I like the natural touch of the two leading actors using their real first names for their roles.
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Format: DVD Verified Purchase
"Zabriske Point" (1970) is directed by Antonioni(Blow-up, Red Desert). This film starts off very slowly focusing on youths at a campus. The initial scenes seem rather amateurish and weak, but once the film gets beyond the campus and into the desert of Zabriske Point in Death Valley then Antonioni starts to turn on his magic. There are some very hauntingly beautiful shots of the desert, and of couples strewn out in a dry river valley, and then an amazing finale with an apocalyptic image of the shreds of civilization.

I was also pleasantly surprised to see that the dvd quality was very good with deep blacks and rich colours, and it appeared that the movie had been remastered since it was a very clean print. There are, however no special features except for a movie trailer.
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Format: VHS Tape
This film just like any other piece of real art is not about "political discussions among students" like one reviewer claims, it has nothing to do with crime and violence or sex revolution and hippy movement of the 60's either. Just like Crime And Punishment is not in the same league as Dirty Harry... What it is about - I am not talking about the plot - is closer to Richard Bach than Agatha Christy.
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Format: VHS Tape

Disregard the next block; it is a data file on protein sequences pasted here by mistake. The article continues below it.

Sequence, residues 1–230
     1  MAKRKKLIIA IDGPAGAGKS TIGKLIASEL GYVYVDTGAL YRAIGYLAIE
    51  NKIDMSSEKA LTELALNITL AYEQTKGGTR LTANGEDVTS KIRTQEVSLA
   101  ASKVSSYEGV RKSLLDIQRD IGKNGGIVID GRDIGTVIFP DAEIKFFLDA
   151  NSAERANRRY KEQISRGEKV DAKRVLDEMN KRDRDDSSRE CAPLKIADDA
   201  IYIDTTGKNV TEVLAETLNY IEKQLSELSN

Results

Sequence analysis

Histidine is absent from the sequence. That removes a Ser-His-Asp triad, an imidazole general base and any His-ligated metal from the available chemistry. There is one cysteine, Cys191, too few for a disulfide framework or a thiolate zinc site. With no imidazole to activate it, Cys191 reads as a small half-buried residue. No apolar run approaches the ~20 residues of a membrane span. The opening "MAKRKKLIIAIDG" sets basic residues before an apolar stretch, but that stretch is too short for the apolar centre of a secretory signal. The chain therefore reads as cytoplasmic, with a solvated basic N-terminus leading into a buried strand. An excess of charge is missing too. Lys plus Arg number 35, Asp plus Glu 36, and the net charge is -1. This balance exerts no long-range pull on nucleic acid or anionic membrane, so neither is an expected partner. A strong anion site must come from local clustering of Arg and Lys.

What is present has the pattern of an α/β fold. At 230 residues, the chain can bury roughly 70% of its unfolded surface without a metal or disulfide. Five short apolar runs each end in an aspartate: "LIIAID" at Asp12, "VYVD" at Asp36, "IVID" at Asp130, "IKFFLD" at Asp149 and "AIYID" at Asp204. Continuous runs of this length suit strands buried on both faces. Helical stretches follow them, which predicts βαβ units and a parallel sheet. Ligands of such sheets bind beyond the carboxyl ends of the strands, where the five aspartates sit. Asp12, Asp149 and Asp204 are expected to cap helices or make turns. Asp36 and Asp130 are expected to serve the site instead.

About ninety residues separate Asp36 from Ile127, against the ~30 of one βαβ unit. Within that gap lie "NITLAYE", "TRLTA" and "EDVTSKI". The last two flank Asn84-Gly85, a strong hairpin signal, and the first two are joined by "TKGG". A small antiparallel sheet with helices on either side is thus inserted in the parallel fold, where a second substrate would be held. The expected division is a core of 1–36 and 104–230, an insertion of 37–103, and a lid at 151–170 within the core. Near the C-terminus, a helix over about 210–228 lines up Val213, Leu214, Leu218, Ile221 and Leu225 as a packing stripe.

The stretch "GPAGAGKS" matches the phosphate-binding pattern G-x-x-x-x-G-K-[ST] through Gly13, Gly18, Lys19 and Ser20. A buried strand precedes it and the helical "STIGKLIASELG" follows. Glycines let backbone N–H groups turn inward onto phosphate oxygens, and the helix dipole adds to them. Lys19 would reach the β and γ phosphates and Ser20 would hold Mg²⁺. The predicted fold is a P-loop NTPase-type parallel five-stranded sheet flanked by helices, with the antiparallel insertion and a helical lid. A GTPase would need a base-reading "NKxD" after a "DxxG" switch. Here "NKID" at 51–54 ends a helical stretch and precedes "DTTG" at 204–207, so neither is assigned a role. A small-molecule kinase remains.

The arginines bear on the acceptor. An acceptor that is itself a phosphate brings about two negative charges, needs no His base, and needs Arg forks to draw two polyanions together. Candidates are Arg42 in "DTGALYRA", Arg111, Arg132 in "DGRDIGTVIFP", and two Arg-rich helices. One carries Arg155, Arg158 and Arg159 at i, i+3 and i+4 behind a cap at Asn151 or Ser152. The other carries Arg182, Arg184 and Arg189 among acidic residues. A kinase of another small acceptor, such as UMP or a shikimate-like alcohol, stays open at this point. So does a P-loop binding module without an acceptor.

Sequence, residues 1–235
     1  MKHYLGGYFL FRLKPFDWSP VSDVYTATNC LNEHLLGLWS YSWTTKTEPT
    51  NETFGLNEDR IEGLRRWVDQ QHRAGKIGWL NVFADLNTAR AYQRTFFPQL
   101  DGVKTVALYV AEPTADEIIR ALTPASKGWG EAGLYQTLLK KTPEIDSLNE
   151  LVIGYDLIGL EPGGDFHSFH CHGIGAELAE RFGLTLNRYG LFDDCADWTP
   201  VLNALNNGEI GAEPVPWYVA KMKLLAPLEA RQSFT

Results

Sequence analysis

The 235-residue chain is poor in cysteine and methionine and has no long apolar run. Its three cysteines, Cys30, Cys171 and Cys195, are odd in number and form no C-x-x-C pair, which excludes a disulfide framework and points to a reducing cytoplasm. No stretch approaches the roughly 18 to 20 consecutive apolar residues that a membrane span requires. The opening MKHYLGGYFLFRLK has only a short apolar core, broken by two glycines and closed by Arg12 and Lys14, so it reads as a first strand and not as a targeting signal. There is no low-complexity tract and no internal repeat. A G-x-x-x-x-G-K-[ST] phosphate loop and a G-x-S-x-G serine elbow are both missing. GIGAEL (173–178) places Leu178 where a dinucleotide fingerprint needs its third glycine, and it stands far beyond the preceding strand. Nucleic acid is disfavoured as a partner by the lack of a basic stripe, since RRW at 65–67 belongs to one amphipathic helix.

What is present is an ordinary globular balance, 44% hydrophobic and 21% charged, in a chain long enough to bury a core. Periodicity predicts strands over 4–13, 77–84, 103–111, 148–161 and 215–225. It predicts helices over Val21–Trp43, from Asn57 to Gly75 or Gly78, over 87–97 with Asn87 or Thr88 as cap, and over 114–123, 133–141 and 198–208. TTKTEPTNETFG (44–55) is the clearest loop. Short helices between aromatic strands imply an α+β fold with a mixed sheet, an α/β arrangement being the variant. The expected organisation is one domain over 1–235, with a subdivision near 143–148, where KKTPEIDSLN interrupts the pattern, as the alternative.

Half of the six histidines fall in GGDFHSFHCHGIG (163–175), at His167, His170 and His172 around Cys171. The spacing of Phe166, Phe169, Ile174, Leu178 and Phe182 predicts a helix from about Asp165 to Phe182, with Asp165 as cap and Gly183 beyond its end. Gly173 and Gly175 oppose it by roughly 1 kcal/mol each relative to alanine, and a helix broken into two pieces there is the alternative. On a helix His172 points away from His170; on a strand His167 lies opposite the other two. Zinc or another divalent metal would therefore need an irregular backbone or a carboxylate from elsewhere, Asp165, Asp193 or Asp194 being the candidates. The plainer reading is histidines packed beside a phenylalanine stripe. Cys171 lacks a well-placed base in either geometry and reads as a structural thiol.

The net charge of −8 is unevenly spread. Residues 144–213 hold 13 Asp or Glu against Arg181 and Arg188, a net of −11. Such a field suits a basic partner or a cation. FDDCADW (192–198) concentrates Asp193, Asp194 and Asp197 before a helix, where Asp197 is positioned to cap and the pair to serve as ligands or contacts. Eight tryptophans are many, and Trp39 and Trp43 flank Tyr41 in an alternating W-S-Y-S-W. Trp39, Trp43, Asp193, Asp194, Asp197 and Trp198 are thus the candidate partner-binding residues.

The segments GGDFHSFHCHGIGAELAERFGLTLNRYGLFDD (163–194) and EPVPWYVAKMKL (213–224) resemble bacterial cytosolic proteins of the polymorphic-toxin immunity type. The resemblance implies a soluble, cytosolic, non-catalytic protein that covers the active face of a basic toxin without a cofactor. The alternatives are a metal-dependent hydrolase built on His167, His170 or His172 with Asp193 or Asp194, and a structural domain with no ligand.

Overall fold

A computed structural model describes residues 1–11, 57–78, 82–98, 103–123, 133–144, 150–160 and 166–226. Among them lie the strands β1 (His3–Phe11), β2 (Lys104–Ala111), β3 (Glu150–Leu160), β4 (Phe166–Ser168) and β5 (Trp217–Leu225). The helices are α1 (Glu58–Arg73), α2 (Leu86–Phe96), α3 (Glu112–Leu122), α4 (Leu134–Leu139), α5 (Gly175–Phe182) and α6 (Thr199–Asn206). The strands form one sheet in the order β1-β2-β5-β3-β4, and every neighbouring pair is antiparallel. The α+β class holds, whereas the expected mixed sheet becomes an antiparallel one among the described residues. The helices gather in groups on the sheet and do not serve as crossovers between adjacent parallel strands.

Zabriskie Point is probably more famous for the soundtrack than it is for the movie. The main attraction of the soundtrack was three Pink Floyd songs, written before the album, Atom Heart Mother. It also contains a nice 7 minute Jerry Garcia acoustic instrumental. The soundtrack album was always a must have for any Pink Floyd/Grateful Dead fan. The odd thing is that this movie is almost devoid of music. The movie starts and ends with a Pink Floyd track, and most of the Garcia track is played during the psychodelic love scene. Other than that, there are only snippets of the songs from the soundtrack album. There are large stretches of the film where there is no music at all. You would think that a movie that was supposed to be a reflection of the times in America would need a background of music, since music was so important to the whole scene. Forget about the music....is it a good movie? Not really. It starts out good, with students discussing politics. But, the debate sounds false, like something an outsider would write. It almost reminds me of how Dragnet would portray hippies; a parents view of how young people were acting. Then the movie goes off on a tangent about the hero stealing a plane. Most of it has nothing to do with the times. There are some beautifully filmed sequences in the movie. However, alot of it is just a travelogue, with long, silent passages, or just the drone of an engine. The whole thing might have worked better if there was background music to pull it all together. The love scene is very good. And the ending is pretty spectacular (but kind of a let down after reading all the raves about it). But this a great example of how the music from Pink Floyd adds so much power to the scene. Note that this scene was featured on the Oscars telecast a couple of years ago.Read more ›